Taking the pressure off solving a problem first time means we might be more likely to tackle a problem head-on and get to a solution sooner, even if we find a few wrong solutions along the way! Resilience is a key characteristic for great problem-solvers, as is the ability to review what happened and see how we can improve next time.


Once the mindset is sorted, it’s time to take on practical problem-solving.


Problem-solving games

Problem-solving games and exercises are age specific. For toddlers, finding the right shapes to put through the right holes is a big challenge. For slightly older kids, solving a 500-piece puzzle may be more appropriate.

Some problems have a defined solution, like in maths or science, others may have several correct answers. When there are lots of different ways to solve a problem, it allows for more creativity and discussions of which attempts to make. All exercises should encourage critical thinking.

At the end of this article, we’ve listed lots of problem-solving ideas to try!


Involve them in your decision-making processes

Real-world problems can be infinitely more complex than those set out in games. There are far more moving parts and often there’s no clear right answer. Without a right answer or a crystal ball, problem-solving is a case of making the best decision possible with all the available information. Giving kids experience of working through a challenge like this will advance their understanding of the best approach. Maybe they’ll come up with ideas you haven’t!


Outside the box thinking

Some problems can’t be solved with linear thinking. You have to use the creative side of your mind and think outside the box to find all the potential solutions. Riddles are a perfect example of this. You can find some fun (but very hard!) ones on TED-Ed on YouTube. The punchlines of some jokes is hard to work out, but trying to find the answer uses the same type of thinking. Try some brainteaser-type questions too. Mindtrap is a great game for these.



Computer games are sometimes portrayed in a negative light. Sure, we must be mindful of how long a child spends in front of a screen as well as what they’re encountering in certain games. However, many computer games are based on finding a solution to a problem. Navigating a map, finding treasure, beating a baddie, building a team and making a plan to achieve a goal. This practice has applications in the real world.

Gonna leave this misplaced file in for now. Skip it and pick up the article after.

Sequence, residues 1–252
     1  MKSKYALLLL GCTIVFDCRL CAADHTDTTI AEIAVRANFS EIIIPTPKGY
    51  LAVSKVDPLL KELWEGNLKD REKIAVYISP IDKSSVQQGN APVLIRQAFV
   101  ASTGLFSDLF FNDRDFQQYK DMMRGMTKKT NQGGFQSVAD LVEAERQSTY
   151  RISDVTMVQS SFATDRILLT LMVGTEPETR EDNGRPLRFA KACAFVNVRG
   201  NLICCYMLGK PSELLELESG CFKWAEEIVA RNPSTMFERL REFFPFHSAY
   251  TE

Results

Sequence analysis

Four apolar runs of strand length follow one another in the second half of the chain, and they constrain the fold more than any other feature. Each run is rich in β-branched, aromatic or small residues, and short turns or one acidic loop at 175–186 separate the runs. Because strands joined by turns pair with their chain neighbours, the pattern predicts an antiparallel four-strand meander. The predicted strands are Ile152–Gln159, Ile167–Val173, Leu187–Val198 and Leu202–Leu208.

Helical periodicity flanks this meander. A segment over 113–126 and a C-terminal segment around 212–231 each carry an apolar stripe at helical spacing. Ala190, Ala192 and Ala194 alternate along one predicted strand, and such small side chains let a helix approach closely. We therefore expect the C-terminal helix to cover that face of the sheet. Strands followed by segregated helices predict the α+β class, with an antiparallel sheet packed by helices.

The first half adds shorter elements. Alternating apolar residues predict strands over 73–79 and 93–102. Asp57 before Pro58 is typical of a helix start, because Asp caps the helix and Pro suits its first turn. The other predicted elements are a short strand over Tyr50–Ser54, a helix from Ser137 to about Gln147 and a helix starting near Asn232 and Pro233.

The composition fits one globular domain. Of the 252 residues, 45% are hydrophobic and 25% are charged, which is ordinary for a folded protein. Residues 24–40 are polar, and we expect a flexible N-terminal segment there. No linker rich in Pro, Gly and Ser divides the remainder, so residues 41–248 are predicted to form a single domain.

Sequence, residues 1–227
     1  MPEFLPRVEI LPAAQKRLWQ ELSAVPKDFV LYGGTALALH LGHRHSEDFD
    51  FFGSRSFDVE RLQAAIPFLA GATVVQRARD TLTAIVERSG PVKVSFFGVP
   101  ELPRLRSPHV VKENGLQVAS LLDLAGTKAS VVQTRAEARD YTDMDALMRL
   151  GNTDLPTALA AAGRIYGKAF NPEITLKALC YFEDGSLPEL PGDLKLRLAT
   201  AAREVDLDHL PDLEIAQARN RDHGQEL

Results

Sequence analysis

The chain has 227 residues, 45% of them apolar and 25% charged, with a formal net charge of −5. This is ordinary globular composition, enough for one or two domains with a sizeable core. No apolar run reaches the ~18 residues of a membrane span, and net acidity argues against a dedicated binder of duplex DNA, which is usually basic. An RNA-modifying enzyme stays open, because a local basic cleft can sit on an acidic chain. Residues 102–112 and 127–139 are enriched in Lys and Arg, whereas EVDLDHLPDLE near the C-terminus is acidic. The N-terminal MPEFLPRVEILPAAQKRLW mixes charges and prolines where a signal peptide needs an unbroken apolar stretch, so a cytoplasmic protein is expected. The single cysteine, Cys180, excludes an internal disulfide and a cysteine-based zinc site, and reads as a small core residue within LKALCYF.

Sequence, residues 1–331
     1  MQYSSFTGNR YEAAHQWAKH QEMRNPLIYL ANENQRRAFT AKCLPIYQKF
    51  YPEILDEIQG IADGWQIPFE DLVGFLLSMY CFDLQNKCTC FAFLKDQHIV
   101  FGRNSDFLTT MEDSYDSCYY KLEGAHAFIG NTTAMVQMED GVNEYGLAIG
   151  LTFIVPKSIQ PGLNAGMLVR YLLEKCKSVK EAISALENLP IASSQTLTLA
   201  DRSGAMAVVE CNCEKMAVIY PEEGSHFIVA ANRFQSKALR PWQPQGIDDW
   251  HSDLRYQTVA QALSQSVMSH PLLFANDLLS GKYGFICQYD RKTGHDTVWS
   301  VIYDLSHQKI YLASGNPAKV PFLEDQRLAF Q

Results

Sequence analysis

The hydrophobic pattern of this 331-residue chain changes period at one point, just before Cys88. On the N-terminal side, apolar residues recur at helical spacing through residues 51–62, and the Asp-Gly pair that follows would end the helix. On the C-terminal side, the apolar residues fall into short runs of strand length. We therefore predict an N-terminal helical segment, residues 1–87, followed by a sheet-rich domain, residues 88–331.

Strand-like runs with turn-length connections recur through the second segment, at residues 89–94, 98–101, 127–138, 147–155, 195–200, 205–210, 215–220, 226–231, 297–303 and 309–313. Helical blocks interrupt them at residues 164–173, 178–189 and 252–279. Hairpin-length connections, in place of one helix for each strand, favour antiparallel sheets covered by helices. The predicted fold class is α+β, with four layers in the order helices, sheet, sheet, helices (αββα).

Practise negotiation and empathy

Sometimes problems arise because of conflict or misunderstanding. Learning how to find a solution that is in everyone’s best interests is a useful skill learned from as young as when kids are fighting over toys! As we get older, these negotiations become more complex but we also become more experienced.

Empathy can play a huge role in finding shared solutions because once we see a problem from someone else’s perspective, we realise why our favourite solution might not work for everyone.


Watch and help others solve problems

Seeing other people solve problems gives an insight into how their mind works. Being able to help them through their problems makes us better at solving our own, whether they be puzzles or personal challenges. TV shows like Crystal Maze are fascinating to watch. Some YouTubers share themselves gaming, solving puzzles or Geoguessing.

What about characters in books – how could they have done something differently? What if they’d done this instead?


Problem-solving frameworks kids can understand


Break problems down into smaller chunks

Sometimes problems can seem overwhelming. Often it’s difficult to know where to start. Breaking a problem into smaller chunks or working out a logical order to the solution is a useful tool to deploy here.

Think about how we complete a jigsaw puzzle with 1000 pieces. We don’t just start trying to fix random pieces together. First we find the corner pieces. Then the edges. Then we might group colours together because they’re from the same part of the puzzle. We then might look for unusual parts of the picture that we can put into place.

Many problems that look impossible on first glance can be solved like this. If a teenager has too much work to do, they need to first look at what they need to do and create a priority list. They can then see where they can save time in their schedule or get an extension on a deadline. Little by little, the solution becomes clearer.


Solution idea generation